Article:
This post is written by Sandi Matgouranis, marketing coordinator for Experience Columbus. You can follow her on Twitter @Sandi_ExpCols.
Architecture aficionados, history buffs and political junkies should make a point of visiting the Ohio Statehouse, the center of state government in Ohio. Completed in 1861, 22 years after its ceremonial groundbreaking, this National Historic Landmark has a storied history and is filled with priceless historic art, including a marble bust of Abraham Lincoln—the only one the president posed for during his lifetime. Here’s how to explore this iconic structure.
Begin your day with a free guided or self-guided tour. There are several topics to choose from, including the monuments on the Statehouse grounds or the interior of the Statehouse. 45- to 60-minute guided interior tours are offered weekdays on the hour from 10 a.m.-3 p.m., and on weekends from noon-3 p.m.
Have a group of 10 or more? Book an interactive tour to be a guest at "Miss Emma's Table," named for a local socialite who lived beside the Ohio Statehouse in the 1800s. You’ll be treated to a hearty meal and have your choice of the classic tour or the Ohio Portals of History Tour, where actors bring history to life as you meet prominent figures from Ohio’s past and people who worked at the Statehouse.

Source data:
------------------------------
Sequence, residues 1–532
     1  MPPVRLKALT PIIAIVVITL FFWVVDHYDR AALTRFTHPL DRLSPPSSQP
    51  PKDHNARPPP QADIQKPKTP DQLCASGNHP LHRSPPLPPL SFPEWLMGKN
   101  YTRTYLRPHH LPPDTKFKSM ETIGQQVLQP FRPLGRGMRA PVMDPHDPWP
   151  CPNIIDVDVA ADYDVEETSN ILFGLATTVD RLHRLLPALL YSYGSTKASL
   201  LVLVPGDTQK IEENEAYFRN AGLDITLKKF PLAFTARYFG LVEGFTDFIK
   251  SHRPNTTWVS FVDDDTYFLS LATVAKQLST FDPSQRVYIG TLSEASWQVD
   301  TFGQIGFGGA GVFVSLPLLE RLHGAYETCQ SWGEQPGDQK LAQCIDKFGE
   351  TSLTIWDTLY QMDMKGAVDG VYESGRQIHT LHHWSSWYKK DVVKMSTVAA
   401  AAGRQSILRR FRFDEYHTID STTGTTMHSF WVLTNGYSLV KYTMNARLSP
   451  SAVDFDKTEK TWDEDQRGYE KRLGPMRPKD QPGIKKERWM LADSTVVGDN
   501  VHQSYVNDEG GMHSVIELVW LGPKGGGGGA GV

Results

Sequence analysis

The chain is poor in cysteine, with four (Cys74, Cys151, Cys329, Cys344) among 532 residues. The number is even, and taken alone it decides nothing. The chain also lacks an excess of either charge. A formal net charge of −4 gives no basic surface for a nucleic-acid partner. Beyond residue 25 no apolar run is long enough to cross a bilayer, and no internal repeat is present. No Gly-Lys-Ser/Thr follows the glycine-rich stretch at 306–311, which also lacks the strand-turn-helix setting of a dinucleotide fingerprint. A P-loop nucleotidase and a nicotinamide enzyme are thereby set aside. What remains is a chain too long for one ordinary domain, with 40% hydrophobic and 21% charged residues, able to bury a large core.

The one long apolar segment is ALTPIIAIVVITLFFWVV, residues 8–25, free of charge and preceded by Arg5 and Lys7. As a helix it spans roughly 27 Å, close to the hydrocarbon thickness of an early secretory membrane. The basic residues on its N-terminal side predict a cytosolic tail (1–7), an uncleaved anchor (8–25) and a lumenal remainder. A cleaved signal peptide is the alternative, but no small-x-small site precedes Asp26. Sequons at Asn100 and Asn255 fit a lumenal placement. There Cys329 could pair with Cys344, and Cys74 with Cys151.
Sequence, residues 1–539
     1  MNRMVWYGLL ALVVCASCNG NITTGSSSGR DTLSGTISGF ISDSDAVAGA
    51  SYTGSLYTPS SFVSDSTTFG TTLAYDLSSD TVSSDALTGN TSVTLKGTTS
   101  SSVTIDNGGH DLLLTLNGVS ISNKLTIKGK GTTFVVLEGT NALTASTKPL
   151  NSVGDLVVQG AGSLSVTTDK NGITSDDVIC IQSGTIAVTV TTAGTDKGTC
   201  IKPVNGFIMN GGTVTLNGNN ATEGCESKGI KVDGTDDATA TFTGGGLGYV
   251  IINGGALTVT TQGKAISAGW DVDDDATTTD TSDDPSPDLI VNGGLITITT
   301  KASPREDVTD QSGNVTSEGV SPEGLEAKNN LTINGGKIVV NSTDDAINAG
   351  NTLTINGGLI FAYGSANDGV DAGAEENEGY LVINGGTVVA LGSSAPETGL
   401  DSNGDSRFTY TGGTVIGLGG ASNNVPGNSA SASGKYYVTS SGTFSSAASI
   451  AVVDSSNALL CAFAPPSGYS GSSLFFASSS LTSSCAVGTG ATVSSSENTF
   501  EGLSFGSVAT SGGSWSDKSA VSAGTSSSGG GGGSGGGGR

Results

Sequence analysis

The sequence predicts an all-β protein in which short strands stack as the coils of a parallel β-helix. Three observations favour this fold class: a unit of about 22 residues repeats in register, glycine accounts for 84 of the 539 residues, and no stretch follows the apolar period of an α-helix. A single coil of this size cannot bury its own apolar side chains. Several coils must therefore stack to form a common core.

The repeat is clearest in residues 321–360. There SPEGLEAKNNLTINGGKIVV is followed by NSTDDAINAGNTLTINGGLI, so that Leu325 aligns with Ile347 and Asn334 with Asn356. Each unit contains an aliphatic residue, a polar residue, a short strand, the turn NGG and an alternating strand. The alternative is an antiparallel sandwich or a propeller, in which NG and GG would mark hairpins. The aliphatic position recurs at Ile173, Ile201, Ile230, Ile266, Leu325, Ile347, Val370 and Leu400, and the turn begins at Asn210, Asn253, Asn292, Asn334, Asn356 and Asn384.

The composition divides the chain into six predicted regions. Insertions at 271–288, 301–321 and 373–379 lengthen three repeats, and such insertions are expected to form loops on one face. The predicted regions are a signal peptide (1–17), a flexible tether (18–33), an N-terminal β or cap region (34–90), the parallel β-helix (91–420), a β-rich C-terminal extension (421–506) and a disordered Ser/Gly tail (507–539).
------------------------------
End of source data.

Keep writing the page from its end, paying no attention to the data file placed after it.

No visit is complete without time well spent in the Museum Galleries and Museum Education Center. Learn about Ohio’s first female legislators in the Ladies Gallery, and see the collection of Ohio governor's portraits, spanning all the way back to 1788. Then, take a trip through the Museum Education Center and better your knowledge about the workings of state government. You’ll learn all about Ohio’s constitution, what it takes to balance the budget and how laws are made.
Want a more immersive experience? Plan your visit around a historical reenactment. Cheer on the Ohio Village Muffins – the vintage base-ball team – during a game on the west lawn. Or, witness a civil war encampment. The Battery A schedule is here. Get more details on visiting the Ohio Statehouse here.